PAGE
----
Sarajevo ceasefire may benefit the Serbs: Moscow's initiative could freeze situation to advantage of attackers

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RUSSIA'S initiative last night to secure the withdrawal of Bosnian Serb heavy weaponry from around Sarajevo is likely to prolong the United Nations-brokered ceasefire and deter Nato air attacks, but it is premature to predict the end of the siege of the Bosnian capital.

By sending troops to Sarajevo and helping the UN to interpose itself along Serbian and Muslim confrontation lines, the Russians could actually be freezing the military situation to the advantage of the Serbs.

Bosnia's Muslim-led government was already unhappy with the ceasefire, agreed on 9 February, on the grounds that while it had silenced the guns around Sarajevo, it had done little to end the 22-month- old Serbian grip on the city. The presence of Russian troops in and around Sarajevo will increase the Muslims' fears that the real motive behind Moscow's initiative was to block a Nato-led operation to break the siege.

The military picture in Sarajevo resembles events in Serb-conquered parts of Croatia, after UN peace- keeping forces went there in 1992 to patrol a ceasefire between Serbs and Croats. Two years on, the Serbs continue to occupy about 30 per cent of Croatia and, like the Muslims today, the Croats complain that the UN presence has worked to Serbian advantage alone.

Bosnia's UN representative, Muhamed Sacirbey, said that the UN's failure to take control of Serbian siege positions 'may have the unwitting effect of solidifying the unacceptable status quo and institutionalising the siege of Sarajevo'. Other officials point out that the Serbs have long hinted that they would like to partition Sarajevo into Muslim and Serbian sectors.

Even if the Serbs dropped this ambition, they could use their muscle around the city to extract a favourable overall Bosnian settlement. The Muslims suspect that, for all the apparent increase in Western pressure on the Serbs, the West will ultimately allow Bosnia's partition into three nationally based regions, just as the Serbs want.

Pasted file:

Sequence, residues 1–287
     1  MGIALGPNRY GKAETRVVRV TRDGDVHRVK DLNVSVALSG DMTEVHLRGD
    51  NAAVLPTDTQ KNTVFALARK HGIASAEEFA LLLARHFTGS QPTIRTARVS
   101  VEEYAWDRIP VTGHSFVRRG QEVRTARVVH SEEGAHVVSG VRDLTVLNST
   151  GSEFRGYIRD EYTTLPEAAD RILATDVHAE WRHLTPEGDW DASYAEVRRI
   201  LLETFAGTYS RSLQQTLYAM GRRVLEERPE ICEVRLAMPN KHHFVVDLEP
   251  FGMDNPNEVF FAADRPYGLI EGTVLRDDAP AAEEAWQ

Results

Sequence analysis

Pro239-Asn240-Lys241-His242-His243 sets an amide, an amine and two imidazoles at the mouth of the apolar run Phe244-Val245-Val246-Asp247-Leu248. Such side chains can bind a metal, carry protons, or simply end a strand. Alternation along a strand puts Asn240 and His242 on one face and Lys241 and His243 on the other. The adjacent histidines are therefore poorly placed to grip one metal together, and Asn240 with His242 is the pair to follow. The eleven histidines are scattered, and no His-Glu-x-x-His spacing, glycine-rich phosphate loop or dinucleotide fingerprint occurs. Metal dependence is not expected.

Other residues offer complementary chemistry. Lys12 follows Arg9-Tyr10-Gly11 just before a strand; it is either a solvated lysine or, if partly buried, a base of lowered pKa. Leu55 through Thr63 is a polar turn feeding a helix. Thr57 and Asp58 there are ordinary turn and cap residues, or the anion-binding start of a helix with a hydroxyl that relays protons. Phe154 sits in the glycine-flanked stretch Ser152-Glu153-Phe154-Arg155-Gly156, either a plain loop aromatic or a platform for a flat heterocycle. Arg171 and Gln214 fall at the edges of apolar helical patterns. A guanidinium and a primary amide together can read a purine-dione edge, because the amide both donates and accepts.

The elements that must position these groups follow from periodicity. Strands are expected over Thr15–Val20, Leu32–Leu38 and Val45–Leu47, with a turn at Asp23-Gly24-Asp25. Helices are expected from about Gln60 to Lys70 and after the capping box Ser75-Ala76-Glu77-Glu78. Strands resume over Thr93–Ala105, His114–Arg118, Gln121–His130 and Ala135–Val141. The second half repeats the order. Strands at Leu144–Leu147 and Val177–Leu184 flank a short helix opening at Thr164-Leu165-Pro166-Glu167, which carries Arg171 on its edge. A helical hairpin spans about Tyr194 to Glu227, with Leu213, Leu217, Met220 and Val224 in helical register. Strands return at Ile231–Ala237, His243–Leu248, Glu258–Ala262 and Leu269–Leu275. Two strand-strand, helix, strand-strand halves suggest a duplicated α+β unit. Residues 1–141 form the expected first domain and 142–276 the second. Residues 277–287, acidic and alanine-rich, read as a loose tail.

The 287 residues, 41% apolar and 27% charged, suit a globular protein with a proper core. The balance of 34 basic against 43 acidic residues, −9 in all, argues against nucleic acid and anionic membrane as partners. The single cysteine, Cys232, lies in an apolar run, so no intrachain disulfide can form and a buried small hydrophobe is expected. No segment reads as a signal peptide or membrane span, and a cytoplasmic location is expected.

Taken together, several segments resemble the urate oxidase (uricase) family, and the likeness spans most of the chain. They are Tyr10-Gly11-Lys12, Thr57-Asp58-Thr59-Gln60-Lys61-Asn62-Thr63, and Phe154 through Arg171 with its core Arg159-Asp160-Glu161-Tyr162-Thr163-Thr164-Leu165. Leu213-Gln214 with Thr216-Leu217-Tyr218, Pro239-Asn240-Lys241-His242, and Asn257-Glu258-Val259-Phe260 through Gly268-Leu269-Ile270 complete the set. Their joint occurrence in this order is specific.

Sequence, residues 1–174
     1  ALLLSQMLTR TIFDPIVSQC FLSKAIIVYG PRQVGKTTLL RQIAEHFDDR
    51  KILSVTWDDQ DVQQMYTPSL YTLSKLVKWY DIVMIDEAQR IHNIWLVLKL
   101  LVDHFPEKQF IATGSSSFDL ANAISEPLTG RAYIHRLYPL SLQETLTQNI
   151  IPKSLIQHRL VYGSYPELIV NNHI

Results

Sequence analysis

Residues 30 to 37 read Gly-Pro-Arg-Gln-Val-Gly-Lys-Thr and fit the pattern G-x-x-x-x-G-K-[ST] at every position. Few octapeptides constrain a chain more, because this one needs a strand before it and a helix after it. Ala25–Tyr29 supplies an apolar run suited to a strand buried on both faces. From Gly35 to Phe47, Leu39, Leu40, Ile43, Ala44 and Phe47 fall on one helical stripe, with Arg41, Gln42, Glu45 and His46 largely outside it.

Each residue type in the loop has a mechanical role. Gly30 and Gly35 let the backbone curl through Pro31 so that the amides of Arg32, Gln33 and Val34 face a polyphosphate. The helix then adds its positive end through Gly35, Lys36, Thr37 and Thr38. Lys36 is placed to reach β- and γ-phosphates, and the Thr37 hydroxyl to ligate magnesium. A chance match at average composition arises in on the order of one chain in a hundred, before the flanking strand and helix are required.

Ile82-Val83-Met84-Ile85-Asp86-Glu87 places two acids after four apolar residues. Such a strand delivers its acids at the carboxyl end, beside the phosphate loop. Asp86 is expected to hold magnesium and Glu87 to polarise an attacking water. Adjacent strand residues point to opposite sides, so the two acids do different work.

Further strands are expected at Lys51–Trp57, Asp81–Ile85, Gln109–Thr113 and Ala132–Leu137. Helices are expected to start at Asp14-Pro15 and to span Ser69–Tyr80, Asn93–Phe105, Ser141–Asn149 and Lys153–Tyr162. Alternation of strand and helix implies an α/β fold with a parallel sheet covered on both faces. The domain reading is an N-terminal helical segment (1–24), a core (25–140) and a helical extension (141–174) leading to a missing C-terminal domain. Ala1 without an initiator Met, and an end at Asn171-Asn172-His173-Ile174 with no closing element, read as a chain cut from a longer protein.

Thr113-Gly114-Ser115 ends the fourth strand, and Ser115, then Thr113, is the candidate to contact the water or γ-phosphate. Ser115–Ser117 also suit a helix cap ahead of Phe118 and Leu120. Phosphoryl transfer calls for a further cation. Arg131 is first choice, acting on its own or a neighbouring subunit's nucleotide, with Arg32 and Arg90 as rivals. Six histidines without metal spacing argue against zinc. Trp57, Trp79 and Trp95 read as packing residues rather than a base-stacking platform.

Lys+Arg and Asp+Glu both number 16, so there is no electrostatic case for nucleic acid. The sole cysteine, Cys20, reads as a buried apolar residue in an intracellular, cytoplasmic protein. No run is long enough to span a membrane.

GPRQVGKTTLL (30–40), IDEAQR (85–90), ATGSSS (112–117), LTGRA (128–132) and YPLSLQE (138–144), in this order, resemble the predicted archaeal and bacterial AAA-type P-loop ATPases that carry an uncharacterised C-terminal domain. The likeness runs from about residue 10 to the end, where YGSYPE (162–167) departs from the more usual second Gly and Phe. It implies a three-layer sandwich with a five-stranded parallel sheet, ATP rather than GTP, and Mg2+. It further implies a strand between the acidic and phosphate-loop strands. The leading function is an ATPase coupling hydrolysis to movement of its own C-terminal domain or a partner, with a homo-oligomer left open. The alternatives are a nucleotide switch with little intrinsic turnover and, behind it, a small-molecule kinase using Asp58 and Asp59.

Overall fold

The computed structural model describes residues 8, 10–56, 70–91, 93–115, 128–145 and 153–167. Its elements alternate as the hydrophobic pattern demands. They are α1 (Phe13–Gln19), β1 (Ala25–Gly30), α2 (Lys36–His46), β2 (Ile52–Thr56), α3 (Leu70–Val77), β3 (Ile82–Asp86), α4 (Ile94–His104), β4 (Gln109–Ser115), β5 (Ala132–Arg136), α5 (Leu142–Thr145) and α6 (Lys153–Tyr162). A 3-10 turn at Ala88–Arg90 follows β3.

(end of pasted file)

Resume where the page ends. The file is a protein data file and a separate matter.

Apart from observing the ceasefire, Serbian and Muslim forces have committed themselves to handing over heavy weaponry in the Sarajevo area to UN control by midnight on Sunday. Although the threat of Nato air strikes in the event of non-compliance hangs over both sides, the Serbs possess the bulk of this weaponry and in theory ought to have most to fear from the Western threat.

In practice, the Serbs are much happier than the Muslims with the way the UN has interpreted the terms of the ceasefire and handover of weapons.

'We are committed to fully respecting the Muslim-Serb agreement, and its provisions envisage control of heavy weaponry and demarcation of lines,' said Momcilo Krajisnik, the speaker of the Bosnian Serb assembly.

The reason for the Serbs' satisfaction appears to be that the UN has defined 'control' of heavy weaponry in a broad enough way for the Serbs to feel that their grip on Sarajevo has not seriously been weakened. The UN's definition amounts to an insistence that the weapons cannot be used to break the ceasefire, but this in itself does not end the Serbian siege.